EDC’s renewable energy focus has made us an employer of choice. Improvements in our
ways of working have given our employees greater flexibility to participate in and
contribute to over 100 simultaneous special projects, resulting in disperse decision-making
and improved accountability.

Our business also faces systemic and market-driven challenges. For example, the energy
sector will have to confront regulatory shifts and changes in tax regimes. This is par for
the course. We will also experience market shifts, which can be disruptive, both from
operational and pricing standpoints. An example would be the influx of non-
conventional, non-base load (intermittent) energy, like solor and wind. These energy
sources have significant impact on the grid, but do not have to shoulder the cost of
ancillary services.

EDC is prepared to face these changes by maximazing the cash generation of our assets.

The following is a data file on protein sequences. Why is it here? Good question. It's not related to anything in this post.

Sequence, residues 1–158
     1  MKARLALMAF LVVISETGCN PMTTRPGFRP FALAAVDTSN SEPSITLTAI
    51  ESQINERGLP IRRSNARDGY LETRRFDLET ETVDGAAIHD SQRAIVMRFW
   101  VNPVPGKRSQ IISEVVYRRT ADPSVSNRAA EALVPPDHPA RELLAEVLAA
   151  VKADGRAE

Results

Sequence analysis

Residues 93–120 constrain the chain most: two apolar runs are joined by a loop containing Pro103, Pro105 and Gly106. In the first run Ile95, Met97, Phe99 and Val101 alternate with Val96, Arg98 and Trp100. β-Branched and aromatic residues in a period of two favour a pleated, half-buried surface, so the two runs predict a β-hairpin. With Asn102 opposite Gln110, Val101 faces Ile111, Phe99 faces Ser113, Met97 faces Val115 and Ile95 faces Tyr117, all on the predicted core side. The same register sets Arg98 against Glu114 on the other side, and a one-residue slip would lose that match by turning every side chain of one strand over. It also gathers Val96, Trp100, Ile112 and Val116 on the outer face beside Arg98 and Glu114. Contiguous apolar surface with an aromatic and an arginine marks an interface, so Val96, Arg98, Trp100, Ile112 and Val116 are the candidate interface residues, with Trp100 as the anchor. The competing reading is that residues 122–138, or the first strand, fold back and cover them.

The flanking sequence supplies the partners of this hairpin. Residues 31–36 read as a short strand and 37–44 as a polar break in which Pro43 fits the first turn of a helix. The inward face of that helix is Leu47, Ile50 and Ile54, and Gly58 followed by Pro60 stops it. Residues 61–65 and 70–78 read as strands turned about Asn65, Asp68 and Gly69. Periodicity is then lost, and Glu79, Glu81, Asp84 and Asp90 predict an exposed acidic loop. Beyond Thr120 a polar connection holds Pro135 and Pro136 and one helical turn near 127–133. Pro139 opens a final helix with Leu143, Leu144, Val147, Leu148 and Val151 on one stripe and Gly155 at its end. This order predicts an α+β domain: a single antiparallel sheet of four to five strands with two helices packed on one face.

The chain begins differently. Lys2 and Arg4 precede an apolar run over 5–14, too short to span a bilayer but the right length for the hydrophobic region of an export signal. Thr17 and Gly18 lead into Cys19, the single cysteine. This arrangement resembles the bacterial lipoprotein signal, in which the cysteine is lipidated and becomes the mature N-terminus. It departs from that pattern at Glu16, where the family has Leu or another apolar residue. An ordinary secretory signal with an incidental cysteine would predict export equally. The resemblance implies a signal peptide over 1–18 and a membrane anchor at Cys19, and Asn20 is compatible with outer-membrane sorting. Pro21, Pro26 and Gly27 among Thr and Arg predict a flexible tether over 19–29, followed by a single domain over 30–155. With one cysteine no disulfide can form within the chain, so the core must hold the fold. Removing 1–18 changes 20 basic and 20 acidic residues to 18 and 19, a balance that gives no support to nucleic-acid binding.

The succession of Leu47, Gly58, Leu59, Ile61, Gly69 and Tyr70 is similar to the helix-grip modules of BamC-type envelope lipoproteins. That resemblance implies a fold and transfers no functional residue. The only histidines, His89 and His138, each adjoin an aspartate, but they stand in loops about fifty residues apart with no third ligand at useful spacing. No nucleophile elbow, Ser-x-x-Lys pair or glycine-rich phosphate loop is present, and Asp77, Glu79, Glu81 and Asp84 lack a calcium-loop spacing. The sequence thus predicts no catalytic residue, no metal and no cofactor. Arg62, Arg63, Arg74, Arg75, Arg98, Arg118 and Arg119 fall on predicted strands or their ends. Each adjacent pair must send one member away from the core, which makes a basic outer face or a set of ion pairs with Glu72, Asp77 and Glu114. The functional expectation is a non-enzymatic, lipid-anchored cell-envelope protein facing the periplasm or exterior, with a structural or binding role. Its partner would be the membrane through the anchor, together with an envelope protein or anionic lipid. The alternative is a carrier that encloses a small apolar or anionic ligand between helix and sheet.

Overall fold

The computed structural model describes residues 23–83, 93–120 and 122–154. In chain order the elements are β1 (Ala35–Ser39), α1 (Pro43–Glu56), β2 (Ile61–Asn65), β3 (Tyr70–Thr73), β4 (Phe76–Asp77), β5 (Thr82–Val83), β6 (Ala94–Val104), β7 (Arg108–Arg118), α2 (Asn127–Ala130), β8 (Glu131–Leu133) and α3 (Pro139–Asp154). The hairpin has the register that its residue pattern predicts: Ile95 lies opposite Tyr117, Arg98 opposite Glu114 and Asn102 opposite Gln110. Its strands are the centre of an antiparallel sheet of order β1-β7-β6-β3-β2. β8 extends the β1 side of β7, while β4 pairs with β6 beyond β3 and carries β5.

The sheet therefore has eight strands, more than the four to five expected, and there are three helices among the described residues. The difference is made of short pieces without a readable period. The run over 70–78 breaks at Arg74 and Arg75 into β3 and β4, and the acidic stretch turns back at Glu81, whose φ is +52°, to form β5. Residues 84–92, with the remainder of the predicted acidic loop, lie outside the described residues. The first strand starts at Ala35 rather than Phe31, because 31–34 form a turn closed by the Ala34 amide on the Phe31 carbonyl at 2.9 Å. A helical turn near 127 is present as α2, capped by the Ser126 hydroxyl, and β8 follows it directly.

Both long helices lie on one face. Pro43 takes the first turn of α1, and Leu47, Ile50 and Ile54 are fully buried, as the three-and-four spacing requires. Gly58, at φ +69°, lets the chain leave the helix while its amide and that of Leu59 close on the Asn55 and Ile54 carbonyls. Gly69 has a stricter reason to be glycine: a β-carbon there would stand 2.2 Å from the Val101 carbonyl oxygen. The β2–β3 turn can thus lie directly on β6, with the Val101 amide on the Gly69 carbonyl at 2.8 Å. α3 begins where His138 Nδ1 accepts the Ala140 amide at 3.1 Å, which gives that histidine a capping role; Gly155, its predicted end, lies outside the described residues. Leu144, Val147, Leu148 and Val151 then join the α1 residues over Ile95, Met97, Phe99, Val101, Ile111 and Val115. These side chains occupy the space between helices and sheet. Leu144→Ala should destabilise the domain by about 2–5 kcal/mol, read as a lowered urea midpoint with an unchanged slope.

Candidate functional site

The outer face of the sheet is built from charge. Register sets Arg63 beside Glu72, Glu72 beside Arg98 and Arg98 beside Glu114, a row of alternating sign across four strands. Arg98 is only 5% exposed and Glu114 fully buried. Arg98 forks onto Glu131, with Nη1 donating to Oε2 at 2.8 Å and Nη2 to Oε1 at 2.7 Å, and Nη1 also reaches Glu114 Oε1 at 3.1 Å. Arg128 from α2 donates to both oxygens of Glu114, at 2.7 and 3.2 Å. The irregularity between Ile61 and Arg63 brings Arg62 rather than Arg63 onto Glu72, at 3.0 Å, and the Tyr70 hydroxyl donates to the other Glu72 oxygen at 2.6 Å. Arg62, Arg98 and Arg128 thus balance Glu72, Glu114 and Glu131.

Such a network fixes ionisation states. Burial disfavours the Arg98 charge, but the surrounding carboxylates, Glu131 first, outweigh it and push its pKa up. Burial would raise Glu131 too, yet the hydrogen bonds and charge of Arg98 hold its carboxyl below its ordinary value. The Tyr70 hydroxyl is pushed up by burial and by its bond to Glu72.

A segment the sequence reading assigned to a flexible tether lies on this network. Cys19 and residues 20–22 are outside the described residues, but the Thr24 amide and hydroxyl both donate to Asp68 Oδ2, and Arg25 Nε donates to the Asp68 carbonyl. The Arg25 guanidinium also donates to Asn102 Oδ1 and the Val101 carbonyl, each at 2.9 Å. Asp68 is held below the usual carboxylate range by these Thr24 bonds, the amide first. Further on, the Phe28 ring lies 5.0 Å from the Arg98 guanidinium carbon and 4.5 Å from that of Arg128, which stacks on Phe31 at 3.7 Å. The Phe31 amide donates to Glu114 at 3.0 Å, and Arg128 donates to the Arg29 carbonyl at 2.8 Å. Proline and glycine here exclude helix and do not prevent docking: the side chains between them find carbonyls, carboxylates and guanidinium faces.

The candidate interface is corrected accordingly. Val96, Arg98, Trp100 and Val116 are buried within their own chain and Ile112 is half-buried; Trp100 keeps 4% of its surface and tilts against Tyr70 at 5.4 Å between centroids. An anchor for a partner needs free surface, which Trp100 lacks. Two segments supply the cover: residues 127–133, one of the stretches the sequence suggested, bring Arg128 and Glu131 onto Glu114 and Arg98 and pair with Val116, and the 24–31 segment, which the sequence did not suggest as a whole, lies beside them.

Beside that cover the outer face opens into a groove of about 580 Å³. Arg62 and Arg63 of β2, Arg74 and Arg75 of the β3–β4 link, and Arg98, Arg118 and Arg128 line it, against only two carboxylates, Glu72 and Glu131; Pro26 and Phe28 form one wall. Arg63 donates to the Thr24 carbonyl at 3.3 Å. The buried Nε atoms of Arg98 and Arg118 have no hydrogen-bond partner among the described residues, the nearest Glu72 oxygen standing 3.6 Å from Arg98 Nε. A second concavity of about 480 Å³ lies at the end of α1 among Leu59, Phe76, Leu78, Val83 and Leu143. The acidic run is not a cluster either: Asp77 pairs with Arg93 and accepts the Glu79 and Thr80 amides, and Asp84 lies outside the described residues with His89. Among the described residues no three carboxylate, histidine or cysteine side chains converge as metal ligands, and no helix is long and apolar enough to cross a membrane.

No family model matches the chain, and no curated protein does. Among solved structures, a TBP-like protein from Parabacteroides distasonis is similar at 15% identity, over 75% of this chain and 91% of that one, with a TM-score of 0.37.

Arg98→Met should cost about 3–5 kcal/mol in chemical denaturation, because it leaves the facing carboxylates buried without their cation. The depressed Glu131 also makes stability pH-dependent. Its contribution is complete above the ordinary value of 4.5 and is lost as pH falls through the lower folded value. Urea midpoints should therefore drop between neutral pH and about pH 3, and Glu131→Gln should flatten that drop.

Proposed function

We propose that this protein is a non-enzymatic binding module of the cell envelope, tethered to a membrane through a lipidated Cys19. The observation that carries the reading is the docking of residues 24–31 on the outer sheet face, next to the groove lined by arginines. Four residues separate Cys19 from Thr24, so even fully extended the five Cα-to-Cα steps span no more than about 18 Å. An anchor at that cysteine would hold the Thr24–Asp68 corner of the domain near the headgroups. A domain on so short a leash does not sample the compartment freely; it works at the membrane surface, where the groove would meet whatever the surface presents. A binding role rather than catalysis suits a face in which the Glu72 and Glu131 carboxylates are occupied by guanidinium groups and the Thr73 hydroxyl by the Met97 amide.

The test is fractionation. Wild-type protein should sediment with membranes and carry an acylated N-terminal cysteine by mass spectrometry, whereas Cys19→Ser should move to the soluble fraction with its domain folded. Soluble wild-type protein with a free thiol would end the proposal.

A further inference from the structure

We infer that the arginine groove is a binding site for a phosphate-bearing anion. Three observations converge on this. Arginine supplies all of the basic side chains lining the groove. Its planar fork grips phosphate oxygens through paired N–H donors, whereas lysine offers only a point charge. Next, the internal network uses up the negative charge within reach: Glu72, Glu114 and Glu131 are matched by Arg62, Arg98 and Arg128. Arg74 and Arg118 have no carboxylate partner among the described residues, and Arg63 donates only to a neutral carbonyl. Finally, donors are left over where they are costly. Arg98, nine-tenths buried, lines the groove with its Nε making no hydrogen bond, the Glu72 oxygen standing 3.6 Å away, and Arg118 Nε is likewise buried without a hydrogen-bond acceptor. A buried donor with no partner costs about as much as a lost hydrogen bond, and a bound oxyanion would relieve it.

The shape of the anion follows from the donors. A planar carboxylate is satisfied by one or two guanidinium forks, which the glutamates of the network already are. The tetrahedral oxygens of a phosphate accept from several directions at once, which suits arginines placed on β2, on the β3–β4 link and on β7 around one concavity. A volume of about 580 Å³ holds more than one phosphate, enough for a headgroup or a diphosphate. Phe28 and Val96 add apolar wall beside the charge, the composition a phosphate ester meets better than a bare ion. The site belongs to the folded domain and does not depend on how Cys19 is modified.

We upgraded the capability of our plants in order to provide services that support grid
stability. These plans have been implemented, with investments in ancillary services
capability completed. Expanding our services offering has generated economic returns:
revenue from the sale of electricity as contingency and dispatchable reserves increased
143.5% from 2017, to P970 million in 2018.

Message from the EDC
President and COO

Making the shift to low carbon energy

While renewable energy is often seen as an alternative, EDC believes it is necessary and
timely to mainstream clean energy. Renewable energy is not only the environmentally-
responsible choice, but a wise business decision as well. EDC’s experience demonstrates
this, and we hope to convince even the doubters that the future of energy is in renewable
This commitment to clean energy is growing. In the United States, the mood on low-
carbon energy is changing. So much so, that one of the major US energy utilities has
pledged to go carbon free by 2050, and 80% carbon-free by 2030. This is only one utility,
in a wave of energy providers that have announced carbon-reduction goals.